FYI July 12, 2019

On This Day

1562 – Fray Diego de Landa, acting Bishop of Yucatán, burns the sacred books of the Maya.
Diego de Landa Calderón, O.F.M. (12 November 1524 – 29 April 1579) was a Spanish bishop of the Roman Catholic Archdiocese of Yucatán.[1] Historians describe him as a cruel and fanatical priest who led a violent campaign against idolatry. In particular, he burned almost all the Mayan manuscripts (codices) that would have been very useful in deciphering Mayan script, knowledge of Maya religion and civilization, and the history of the American continent.



Born On This Day

1879 – Margherita Piazzola Beloch, Italian mathematician (d. 1976)
Margherita Piazzolla Beloch (12 July 1879 in Frascati – 28 September 1976 in Rome)[1] was an Italian mathematician who worked in algebraic geometry, algebraic topology and photogrammetry.

Beloch was the daughter of the German historian Karl Julius Beloch, who taught ancient history for 50 years at Sapienza University of Rome, and American Bella Bailey.[1]

Beloch studied mathematics at the Sapienza University of Rome and wrote her undergraduate thesis under the supervision of Guido Castelnuovo. She received her degree in 1908[1] with Lauude and “dignita’ di stampa” which means that her work was worthy of publication and in fact her thesis “Sulle trasformazioni birazionali dello spazio” (On Birational Transformations In Space) was published in the Annali di Matematica Pura ed Applicata.[citation needed]

Guido Castelnuovo was very impressed with her talent and offer her the position of assistant which Margherita took and held until 1919, when she moved to Pavia and the successive year to Palermo to work under Michele De Franchis, an important figure of the Italian school of algebraic geometry at the time.[1]

In 1924, Beloch completed her “libera docenza” (a degree that at that time had to be obtained before one could become a professor) and three years later she became a full professor at the University of Ferrara where she taught until her retirement (1955).[1]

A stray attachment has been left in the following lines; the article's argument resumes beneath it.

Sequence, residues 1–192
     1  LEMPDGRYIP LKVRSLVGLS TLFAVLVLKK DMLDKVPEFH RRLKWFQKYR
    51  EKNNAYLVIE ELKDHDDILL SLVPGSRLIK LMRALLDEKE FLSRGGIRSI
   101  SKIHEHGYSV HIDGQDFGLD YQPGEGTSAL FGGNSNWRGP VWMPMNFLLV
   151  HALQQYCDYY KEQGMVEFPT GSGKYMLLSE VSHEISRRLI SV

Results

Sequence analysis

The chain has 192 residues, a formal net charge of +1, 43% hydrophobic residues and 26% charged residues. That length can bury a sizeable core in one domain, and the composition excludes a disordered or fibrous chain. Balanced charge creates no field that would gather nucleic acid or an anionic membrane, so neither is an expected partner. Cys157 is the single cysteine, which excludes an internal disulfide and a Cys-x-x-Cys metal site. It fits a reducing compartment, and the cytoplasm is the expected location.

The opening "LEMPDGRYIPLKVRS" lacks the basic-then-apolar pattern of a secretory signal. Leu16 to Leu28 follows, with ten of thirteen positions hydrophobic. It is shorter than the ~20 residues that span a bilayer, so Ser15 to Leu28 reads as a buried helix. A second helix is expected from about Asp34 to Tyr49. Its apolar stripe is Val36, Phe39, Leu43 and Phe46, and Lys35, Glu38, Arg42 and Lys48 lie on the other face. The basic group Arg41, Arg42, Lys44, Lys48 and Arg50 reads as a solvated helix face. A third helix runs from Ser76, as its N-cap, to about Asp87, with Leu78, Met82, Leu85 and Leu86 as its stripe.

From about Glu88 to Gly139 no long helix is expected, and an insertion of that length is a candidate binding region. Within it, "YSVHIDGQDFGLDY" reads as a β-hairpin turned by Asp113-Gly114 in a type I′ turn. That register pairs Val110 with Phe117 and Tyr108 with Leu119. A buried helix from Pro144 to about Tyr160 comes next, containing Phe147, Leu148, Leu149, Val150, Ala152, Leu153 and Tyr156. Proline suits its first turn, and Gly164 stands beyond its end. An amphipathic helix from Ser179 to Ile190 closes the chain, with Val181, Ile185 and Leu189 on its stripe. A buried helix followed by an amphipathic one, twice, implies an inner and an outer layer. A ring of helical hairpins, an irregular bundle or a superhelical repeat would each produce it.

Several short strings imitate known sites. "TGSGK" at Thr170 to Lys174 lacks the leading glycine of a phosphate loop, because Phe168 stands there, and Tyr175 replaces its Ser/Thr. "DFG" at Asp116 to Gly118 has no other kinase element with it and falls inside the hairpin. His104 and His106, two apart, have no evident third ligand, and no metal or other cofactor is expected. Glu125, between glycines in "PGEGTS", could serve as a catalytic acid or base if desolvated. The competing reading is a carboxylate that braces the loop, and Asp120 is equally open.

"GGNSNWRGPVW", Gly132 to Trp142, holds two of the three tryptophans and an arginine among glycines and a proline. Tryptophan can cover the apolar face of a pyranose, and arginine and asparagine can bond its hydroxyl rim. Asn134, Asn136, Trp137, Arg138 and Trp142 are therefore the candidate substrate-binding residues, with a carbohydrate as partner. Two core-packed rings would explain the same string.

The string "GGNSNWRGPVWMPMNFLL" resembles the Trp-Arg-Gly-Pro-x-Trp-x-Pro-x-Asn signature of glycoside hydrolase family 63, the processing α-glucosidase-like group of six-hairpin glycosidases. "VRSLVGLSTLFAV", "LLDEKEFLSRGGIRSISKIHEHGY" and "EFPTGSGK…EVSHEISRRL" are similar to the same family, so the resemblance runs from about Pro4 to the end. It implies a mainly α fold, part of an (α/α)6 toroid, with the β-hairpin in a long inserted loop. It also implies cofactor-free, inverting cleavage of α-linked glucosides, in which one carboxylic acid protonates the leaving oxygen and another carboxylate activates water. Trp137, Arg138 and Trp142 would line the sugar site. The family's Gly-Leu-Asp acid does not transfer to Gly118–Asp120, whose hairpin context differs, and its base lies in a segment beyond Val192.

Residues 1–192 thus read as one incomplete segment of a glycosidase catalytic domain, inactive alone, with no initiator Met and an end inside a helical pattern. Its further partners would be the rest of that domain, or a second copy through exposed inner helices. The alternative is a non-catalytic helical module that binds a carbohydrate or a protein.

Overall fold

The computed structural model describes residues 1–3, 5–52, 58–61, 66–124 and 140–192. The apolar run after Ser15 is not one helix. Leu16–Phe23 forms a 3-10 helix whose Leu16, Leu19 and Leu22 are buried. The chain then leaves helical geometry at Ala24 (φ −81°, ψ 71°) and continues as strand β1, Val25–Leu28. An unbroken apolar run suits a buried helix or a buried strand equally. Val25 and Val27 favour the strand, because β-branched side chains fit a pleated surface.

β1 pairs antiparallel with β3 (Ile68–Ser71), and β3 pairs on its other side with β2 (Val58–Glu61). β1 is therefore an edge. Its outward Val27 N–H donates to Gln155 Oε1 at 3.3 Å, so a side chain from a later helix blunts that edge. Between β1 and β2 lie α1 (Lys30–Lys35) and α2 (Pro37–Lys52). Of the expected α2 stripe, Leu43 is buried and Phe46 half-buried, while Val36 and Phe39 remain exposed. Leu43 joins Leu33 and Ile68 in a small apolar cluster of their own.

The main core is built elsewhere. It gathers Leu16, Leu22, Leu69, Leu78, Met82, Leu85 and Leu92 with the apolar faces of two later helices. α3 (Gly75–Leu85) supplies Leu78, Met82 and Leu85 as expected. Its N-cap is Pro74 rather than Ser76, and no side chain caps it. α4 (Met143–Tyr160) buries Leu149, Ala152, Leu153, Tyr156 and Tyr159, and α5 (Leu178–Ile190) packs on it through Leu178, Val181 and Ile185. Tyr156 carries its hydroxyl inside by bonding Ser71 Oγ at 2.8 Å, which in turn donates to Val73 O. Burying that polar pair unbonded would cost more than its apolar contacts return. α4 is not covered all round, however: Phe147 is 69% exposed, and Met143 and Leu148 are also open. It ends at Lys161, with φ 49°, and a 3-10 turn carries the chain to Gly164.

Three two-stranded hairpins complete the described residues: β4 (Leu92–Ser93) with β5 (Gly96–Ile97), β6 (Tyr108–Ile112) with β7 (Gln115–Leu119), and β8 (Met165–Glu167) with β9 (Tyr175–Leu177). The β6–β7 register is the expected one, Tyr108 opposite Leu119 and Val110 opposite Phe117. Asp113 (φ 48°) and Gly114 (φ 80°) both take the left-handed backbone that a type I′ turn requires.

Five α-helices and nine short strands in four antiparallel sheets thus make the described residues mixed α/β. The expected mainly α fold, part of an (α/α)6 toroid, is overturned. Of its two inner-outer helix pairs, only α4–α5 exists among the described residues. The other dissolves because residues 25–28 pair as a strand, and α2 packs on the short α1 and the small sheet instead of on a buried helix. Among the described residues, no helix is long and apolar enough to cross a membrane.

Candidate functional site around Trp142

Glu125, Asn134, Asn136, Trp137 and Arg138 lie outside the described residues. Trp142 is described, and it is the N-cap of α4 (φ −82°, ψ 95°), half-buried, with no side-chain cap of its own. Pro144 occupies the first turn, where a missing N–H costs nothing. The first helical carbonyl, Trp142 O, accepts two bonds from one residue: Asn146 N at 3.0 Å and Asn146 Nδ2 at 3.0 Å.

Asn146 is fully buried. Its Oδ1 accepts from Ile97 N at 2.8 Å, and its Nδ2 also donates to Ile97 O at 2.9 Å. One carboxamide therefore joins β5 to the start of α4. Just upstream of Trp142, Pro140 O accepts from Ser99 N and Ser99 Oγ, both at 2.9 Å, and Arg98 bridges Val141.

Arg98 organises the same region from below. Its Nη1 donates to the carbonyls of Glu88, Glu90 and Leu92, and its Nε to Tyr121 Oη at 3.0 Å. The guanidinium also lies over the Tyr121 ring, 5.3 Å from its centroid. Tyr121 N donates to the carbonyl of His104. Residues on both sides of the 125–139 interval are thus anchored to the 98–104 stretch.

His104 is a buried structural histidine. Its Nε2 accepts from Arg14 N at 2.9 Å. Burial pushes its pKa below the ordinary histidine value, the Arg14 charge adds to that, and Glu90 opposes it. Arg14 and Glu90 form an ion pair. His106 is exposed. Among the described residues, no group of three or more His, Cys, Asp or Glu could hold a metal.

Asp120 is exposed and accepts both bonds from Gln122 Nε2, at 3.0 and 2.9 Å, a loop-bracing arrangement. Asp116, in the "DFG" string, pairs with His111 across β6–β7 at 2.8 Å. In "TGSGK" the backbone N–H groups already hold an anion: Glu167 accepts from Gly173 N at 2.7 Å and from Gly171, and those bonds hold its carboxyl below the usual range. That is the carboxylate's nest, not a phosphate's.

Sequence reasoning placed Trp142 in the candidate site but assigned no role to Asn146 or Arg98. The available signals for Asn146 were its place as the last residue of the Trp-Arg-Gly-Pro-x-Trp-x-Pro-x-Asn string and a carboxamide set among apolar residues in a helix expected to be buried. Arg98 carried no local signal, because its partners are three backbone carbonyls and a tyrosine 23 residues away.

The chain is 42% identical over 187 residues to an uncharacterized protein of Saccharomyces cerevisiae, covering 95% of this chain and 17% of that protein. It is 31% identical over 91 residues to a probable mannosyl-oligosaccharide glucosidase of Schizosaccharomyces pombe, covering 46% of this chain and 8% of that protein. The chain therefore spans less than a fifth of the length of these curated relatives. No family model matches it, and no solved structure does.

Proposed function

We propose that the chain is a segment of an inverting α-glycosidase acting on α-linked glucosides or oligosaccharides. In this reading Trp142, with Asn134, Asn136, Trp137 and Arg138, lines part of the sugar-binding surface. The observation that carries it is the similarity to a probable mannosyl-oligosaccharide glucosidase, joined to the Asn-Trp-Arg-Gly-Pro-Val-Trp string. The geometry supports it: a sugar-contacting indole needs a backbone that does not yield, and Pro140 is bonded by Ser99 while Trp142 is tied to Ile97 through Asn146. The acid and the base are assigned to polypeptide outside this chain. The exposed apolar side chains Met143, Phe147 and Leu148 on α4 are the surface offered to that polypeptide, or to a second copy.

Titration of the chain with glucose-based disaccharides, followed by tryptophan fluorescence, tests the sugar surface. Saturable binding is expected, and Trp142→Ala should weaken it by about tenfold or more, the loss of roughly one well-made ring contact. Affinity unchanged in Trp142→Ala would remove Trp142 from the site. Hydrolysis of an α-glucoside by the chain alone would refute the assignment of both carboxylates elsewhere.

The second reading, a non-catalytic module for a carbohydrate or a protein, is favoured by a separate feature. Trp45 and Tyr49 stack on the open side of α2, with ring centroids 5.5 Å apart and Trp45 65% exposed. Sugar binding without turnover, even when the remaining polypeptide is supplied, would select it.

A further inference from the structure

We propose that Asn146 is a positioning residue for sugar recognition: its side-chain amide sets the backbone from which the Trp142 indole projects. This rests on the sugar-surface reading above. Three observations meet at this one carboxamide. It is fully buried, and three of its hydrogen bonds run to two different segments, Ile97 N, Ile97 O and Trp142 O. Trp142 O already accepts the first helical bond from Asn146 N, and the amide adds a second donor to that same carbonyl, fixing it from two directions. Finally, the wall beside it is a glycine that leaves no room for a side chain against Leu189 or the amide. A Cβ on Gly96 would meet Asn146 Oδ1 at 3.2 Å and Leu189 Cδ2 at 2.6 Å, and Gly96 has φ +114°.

Scientific Work
Her main scientific interest were algebraic geometry, algebraic topology and photogrammetry. After her thesis she worked on classification of algebraic surfaces studying the configurations of lines that could lie on surfaces. The next step was to study rational curves lying on surfaces and in this framework Beloch obtained the following important result:[2] “Hyperelleptic surfaces of rank 2 are characterised by having 16 rational curves.”

Beloch also made some contributions to the theory of skew algebraic curves.[3] She continued working on topological properties of algebraic curves either planar or lying on ruled or cubic surfaces for most of her life, writing about a dozen papers on these subjects.[4]

Around 1940 Beloch become more and more interested in photogrammetry and the application of mathematics, and in particular algebraic geometry, to it. She is also known for her contribution to the mathematics of paper folding:[5] In particular she seems to have been the first to formalise an origami move which allows, when possible, to construct by paper folding the common tangents to two parabolas. As a consequence she showed how to extract cubic roots by paper folding,[6] something that is impossible to do by rule and compass. The move she used has been called the Beloch fold.[7]



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